As someone who was once blind to anti-Israel bias both on and off campus, CAMERA has truly opened my eyes to its prevalence in academia and in the media.
During the fall semester, I took a class taught by a very anti-Israel professor – one who spoke of ‘occupation’ and who happens to be a signatory of BDS. If I hadn’t become a CAMERA Fellow, I would have been a bystander in that classroom, allowing my professor to indoctrinate students without providing an accurate depiction of history.
There is one experience I will never forget in that classroom. My professor had students speak freely about whatever their preconceived notions were of the Israeli-Palestinian conflict, fostering a dialogue that could have gone much better than it did.
All of the material she had given for reading was so blatantly one-sided. Students who had no prior knowledge of the conflict only added fuel to her hateful, inaccurate bias. One student claimed that Palestinians are victims of asymmetric violence – and my professor said nothing.
I was shocked and hurt, and so disappointed that even someone who is so fiercely anti-Israel would let this blatant lie live in her classroom.
Sitting there, I thought back to the times I had spent in bomb shelters in Tel Aviv (thankfully never because of an imminent rocket attack) for drills, meetings, and – believe it or not – rehearsals for Israel’s remembrance day ceremony. These flashbacks prompted me to speak up.
I asked my professor if she had ever heard of the Iron Dome, which holds the sole purpose of protecting Israelis – Jews and Arabs alike – from Hamas rocket attacks. The only other pro-Israel student in the class supported my position. My professor’s inaccurate and biased information was not only hurtful; it ignored the experiences of every Israeli.
Having attended the CAMERA advocacy training conference a few months prior, I knew it was time for me to speak up – and I did so with conviction.
It is increasingly common on college campuses today for students, rather than professors, to be the ones presenting an accurate image of Israel in classrooms. It shouldn’t have to be this way. Students deserve the opportunity to learn without being taught lies from biased professors.
Without CAMERA’s training, I might not have known how to respond to my professor’s inability to teach the facts. CAMERA taught me that it is up to me to stand up for the truth. I wrote an article about my experiences in that class, and CAMERA had it published in a widely-read online newspaper. I realized that I wasn’t alone in my experiences, and there were so many people – people I never had and never will meet – who voiced their support for me.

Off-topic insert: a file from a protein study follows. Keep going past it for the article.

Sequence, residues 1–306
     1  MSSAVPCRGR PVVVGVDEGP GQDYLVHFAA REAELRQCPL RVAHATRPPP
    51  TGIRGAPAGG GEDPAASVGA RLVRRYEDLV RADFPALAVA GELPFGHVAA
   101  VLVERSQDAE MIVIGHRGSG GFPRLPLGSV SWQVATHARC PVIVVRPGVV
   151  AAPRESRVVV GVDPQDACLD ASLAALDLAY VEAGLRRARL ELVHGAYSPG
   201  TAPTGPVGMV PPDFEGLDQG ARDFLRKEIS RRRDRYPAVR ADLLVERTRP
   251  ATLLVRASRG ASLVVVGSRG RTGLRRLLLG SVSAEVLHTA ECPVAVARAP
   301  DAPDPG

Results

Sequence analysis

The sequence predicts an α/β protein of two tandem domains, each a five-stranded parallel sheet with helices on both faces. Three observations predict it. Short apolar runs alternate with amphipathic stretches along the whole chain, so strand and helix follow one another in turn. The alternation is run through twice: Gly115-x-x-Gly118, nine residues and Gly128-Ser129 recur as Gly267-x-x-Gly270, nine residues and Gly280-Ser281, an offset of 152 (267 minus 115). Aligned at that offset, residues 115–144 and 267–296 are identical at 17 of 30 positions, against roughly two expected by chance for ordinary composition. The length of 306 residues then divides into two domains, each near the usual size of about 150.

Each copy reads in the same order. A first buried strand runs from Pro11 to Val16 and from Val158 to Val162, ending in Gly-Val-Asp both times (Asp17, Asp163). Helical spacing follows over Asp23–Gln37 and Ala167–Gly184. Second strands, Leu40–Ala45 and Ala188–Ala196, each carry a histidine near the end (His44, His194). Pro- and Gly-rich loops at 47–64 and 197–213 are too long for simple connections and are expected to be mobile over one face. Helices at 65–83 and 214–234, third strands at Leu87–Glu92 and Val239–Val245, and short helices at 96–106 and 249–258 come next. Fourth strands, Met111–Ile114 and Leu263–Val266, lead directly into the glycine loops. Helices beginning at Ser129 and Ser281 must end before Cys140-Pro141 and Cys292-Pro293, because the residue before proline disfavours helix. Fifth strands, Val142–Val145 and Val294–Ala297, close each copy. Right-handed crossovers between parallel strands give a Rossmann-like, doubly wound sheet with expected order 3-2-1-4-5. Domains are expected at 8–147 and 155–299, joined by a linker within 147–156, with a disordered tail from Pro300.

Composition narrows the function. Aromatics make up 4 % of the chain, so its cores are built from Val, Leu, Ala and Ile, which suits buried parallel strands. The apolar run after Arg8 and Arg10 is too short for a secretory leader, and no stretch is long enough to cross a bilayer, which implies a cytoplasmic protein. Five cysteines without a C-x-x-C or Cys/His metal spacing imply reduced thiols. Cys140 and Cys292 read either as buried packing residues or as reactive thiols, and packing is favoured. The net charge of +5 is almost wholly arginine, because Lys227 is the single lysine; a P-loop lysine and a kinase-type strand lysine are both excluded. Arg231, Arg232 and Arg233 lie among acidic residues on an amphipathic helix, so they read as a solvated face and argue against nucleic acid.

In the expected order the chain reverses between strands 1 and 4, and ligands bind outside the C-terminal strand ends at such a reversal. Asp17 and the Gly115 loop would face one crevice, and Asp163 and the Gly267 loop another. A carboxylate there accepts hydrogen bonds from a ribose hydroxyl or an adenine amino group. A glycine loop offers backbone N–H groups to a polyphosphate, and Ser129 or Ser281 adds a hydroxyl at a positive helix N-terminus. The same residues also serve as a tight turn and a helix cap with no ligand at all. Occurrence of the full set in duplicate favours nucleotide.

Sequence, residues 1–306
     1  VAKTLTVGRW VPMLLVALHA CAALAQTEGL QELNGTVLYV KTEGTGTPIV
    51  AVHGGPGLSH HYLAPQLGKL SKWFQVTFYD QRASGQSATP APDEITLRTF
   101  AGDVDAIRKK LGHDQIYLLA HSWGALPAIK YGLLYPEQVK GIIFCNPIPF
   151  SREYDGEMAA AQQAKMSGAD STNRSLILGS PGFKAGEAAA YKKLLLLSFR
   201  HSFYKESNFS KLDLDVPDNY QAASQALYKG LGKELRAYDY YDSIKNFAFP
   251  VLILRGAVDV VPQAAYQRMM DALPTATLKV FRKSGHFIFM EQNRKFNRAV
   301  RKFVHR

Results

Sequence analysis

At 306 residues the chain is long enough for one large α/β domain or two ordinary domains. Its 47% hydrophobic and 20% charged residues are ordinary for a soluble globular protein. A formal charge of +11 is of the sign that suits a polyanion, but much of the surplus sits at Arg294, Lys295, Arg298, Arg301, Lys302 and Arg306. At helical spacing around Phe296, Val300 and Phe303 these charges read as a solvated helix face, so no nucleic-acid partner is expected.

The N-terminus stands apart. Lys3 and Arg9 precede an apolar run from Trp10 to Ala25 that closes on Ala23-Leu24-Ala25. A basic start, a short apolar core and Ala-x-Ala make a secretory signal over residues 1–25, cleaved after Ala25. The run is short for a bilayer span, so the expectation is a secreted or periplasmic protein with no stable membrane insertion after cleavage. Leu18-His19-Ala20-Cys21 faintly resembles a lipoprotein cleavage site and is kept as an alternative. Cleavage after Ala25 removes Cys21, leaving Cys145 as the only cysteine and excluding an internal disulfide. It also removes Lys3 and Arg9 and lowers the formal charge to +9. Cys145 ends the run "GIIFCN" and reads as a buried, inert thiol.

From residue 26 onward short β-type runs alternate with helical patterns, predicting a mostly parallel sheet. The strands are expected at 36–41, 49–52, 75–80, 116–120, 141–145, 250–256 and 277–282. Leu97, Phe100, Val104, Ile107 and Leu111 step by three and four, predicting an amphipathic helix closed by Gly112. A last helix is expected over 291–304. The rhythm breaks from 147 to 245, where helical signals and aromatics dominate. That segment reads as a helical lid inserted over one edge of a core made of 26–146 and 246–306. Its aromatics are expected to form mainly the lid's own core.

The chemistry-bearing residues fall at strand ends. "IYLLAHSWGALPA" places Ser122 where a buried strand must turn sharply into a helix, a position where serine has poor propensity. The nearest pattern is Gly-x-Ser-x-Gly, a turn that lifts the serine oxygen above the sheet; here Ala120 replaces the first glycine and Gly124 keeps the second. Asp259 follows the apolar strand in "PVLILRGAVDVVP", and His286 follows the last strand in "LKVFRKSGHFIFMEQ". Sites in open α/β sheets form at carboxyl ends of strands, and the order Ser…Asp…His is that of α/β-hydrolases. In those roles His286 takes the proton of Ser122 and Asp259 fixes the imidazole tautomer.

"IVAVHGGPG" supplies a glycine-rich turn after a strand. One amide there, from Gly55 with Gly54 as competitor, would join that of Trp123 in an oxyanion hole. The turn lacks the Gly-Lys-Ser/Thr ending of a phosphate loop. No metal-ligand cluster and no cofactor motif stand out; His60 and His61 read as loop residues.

As a CAMERA fellow, I have connected with a vast network of like-minded, determined, and inspirational students at colleges across the country. We’re all experiencing different forms of anti-Israel and anti-Semitic biases, and as a community we look to each other for guidance on how to combat these issues.
For college students, there are a million and one meetings, papers and exams, and having to deal with anti-Israel bias only adds to the struggle. Knowing I’m not alone on that front is comforting. CAMERA fellows and staff are always on the other end of the phone with a strategy to combat whatever issue pops up on campus. The staff doesn’t just manage us, they’re our friends, and they go to great lengths to make sure we know that. When my pro-Israel group was rejected from being an independent organization, CAMERA was there every step of the way with me. There’s no way I could go through being the president of my university’s only pro-Israel group without the support of CAMERA staff and Fellows – they are an integral part of my experience as a pro-Israel leader on campus.
Hosting Liz Wahl on campus in early April is perhaps one of the most effective ways I’ve brought accuracy and context to Israel on my campus. A journalist with no prior connections to Israel, Wahl conducted an investigation into media bias against Israel, finding that indeed, the media so often skews stories in favor of the aggressors, and leaves Israeli victims as an after thought, if at all. Her message reached journalism students at my school who had never been taught about media bias, despite attending one of the top journalism schools in the country.
I am sure that the relationships I have made with CAMERA staff and Fellows will be long lasting. It is because of the CAMERA on Campus staff that I have become the unwavering Israel advocate that I am today. The Fellowship has provided me with so many opportunities to harness my engagement skills, perfect my writing technique, and become the most effective defender of Israel that I can be. I will take all of this with me in my future endeavors, with pride and gratitude.
Contributed by CAMERA Fellow Shoshana Kranish.